Removing noncancerous breast often unnecessary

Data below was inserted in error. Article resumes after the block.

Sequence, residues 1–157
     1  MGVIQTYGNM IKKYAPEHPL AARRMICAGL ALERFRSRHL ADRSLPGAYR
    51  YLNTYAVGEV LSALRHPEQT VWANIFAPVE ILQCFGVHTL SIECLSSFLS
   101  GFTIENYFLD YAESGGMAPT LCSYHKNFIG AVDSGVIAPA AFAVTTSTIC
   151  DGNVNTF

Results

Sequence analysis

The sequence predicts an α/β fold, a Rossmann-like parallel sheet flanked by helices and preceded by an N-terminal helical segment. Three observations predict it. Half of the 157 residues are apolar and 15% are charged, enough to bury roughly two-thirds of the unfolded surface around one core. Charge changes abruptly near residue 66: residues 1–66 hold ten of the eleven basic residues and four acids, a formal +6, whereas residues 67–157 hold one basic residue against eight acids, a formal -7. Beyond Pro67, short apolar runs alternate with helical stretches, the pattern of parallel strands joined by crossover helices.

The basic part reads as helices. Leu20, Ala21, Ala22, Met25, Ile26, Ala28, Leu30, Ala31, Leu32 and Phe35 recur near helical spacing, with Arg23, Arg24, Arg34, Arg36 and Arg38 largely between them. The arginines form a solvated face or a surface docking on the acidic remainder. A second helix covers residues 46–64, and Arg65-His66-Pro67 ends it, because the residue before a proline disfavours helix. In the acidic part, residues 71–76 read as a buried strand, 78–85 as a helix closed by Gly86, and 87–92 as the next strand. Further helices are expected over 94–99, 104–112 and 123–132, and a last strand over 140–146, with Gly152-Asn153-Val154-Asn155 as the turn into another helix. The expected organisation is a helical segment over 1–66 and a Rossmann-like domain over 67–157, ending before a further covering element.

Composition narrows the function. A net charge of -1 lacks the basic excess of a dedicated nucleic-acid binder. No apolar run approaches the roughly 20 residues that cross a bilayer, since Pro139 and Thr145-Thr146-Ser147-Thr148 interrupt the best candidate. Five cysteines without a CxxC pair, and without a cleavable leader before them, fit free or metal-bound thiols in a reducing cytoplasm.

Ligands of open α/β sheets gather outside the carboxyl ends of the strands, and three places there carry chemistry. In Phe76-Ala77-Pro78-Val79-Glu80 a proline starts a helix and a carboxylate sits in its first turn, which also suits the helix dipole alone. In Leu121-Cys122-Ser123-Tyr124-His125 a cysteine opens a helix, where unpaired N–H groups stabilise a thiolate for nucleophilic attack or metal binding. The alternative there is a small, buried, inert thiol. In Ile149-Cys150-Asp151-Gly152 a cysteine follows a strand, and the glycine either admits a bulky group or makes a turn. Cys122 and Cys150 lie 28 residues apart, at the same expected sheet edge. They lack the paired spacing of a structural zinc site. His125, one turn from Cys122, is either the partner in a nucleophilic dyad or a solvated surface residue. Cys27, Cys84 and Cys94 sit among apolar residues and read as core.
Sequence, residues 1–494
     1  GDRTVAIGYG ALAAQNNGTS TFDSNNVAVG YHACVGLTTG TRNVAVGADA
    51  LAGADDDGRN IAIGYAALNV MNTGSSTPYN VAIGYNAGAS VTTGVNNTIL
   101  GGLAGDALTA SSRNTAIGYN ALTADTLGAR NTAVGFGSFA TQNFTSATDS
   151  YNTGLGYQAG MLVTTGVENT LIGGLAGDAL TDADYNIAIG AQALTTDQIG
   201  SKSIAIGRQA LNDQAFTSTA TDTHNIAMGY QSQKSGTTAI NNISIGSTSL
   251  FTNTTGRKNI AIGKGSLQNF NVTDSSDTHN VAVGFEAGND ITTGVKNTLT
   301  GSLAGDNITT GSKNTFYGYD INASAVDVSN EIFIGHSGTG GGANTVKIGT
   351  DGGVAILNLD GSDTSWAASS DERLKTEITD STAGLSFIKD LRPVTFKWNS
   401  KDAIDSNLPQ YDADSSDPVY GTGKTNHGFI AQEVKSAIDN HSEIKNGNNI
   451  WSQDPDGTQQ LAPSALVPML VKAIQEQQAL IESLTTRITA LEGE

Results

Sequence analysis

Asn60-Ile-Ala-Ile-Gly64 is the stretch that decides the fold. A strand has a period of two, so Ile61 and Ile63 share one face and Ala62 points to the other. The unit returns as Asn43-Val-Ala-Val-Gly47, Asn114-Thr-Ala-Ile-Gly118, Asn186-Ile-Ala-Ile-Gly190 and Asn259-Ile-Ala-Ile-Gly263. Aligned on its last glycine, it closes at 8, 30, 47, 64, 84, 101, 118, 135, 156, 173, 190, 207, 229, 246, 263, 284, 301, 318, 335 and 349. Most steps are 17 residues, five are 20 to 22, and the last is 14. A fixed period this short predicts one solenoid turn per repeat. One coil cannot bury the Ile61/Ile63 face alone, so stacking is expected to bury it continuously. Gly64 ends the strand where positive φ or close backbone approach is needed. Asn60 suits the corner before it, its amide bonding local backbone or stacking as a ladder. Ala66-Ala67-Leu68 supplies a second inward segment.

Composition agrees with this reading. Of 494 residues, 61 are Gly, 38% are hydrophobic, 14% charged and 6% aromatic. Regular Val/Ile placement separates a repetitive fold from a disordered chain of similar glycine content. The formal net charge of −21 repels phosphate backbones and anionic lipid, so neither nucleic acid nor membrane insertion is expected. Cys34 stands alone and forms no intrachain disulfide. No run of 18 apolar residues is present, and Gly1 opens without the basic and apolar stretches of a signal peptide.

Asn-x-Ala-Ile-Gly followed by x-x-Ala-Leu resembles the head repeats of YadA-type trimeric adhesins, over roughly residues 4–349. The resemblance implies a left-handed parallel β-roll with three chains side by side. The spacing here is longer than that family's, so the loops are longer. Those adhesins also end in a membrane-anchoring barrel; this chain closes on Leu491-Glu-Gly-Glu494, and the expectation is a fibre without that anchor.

Most women with breast cancer who also have the second breast removed don't need to take that precaution, a new study finds. The study looked at information on 1,447 women treated for newly diagnosed cancer in a single breast. The women reported information to breast cancer registries for 3 to 5 years after treatment. Nearly 19% said they had strongly considered having both breasts removed. About 8% actually had double mastectomies. But researchers concluded that 69% of those who had both breasts removed actually had a low risk of developing cancer in the other breast. They did not have a strong family risk of cancer. They also did not have any gene mutations linked with increased risk of breast cancer. Women who had more detailed imaging of their breasts using MRI were more likely to have a double mastectomy.